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Queen Elizabeth II’s funeral will be unlike anything the UK has ever seen in terms of its sheer size and significance, a Royal commentator has predicted. The nation will bid a final farewell to the former Monarch, who died on September 8, on Monday, with vast numbers already having queued for many hours to pay their respects during her lying in state at Westminster Hall.
The funeral will be I think, be spectacular and enormous and deservedly so
Britain has not witnessed a state funeral since that of Winston Churchill in 1965, while even the send-off of Diana, Princess of Wales in 1997 would likely be eclipsed by that of the Queen, Jonathan Sacerdoti said.
The regular contributor to media outlets including the BBC, Fox News and Sky News was commenting in the midst of a tumultuous week which has seen King Charles III accede to the throne and his son William become the Prince of Wales.
Mr Sacerdoti said: “The funeral will be I think, be spectacular and enormous and deservedly so.
“Her Majesty Queen Elizabeth II deserves a large and very respectful, well-attended state funeral.
“I think that we won’t have seen anything like it because it hasn’t happened for so long.
“And state funerals are big affairs at the best of times, but even those that we could remember during our lifetimes, are nothing in comparison to what I think we’re going to see for the Queen.
“She was a giant, not just of our time but of all time. She was the longest serving Monarch and that makes her not just important historically, but also iconic.”
As the Queen’s reign wore on, the public had been granted “unprecedented access” to her, Mr Sacerdoti pointed out.
He said: “I think that she’s become the most photographed and portrayed woman in the world, possibly ever.
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“And it’s impossible that we shouldn’t have this opportunity to pay our respects and to honour her service.
“Britain also does these events so well, especially royal ones – we’ve seen many royal weddings over the years and they are spectacular and perfectly organised.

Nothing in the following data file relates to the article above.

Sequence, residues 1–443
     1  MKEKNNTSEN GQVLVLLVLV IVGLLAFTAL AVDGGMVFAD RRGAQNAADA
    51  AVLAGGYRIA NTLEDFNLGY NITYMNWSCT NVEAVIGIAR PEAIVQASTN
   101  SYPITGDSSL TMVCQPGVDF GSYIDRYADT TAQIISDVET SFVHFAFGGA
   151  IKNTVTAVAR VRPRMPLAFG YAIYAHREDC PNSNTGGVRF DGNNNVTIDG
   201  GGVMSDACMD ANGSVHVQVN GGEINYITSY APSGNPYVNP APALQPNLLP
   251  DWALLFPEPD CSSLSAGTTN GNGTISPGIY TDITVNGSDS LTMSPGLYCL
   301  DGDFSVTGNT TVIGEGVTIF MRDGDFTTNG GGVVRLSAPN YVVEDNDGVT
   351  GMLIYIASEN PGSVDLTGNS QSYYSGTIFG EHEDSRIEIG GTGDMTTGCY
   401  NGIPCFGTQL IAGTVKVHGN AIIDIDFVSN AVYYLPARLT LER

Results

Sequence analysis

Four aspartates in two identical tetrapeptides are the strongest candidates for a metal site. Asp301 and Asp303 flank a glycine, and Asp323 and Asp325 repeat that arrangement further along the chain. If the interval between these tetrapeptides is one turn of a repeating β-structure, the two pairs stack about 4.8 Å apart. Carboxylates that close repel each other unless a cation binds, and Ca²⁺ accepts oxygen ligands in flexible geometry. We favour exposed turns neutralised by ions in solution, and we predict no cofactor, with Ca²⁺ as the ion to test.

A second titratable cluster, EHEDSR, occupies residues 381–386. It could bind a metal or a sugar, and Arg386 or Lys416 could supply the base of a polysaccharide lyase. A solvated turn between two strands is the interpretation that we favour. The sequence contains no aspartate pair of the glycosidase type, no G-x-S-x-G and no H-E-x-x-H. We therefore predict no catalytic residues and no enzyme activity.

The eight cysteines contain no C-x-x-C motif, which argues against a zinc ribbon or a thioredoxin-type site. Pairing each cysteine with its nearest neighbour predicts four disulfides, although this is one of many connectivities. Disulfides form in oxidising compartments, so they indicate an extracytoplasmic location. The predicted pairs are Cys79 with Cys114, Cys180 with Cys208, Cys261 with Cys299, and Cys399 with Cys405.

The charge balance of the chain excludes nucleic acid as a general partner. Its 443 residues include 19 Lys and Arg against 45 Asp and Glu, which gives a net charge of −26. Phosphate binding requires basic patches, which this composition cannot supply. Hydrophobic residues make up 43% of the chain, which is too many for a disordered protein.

“This is almost immeasurably more important insofar as it’s more unique.”
Speaking about Diana’s funeral a quarter of a century ago, Mr Sacerdoti said: “Even that in the 90s didn’t have the reach that this will have today.
“Things like this will be seen across the world on TV live but also on social media in immense detail.”
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Referring to the aftermath of the Queen’s death, he added: “We’ve already seen by the way, a certain level of access to the media that’s been quite unprecedented.
“I was absolutely amazed and fascinated to watch Prince Charles when he arrived back at Buckingham Palace from Balmoral the first time, get out of his car and went to shake hands with all of the crowd.
“They had a BBC-led film crew pulled to all the media following him right next to him as he shook every single hand and even received a couple of kisses from well wishers.
“And not just a camera, but a microphone. We got to hear the words people were saying to the King, members of the public for the first time meeting their king, what they said to him, we got to hear his words back and we got to hear his aides directing the public and him and the planning going on around him. It was almost like a behind the scenes video.”
He explained: “They decided that they that the public should see the king immediately meeting the citizens of Britain and immediately know how they felt about him and how he was responding to them.
“I just think that was so important and I think we may see a similar level of detail reflected in the coverage of the funeral. It will be done respectfully.
“But if you think back to the coronation, when they had this question of how close the cameras could be, well, today, there’s no such question.
“We will see that funeral represented in all its spectacular glory is deserved by the Queen and I think it will be watched the world over it will be one of the biggest if not the biggest watched piece of live TV coverage for decades.”
Mr Sacerdoti suggested the approach made full use of techniques perfected during coverage of celebrity events.
However, he emphasised: “This is not a celebrity event. This is an event of massive historic importance, and we got to see it as it happens.
“We got to hear the whispers the directions, we got to see the faces of his aides as they worried and moved around him, making sure everything runs smoothly.”
Such an approach sent a “massive message” and had not been accidental, Mr Sacerdoti stressed.
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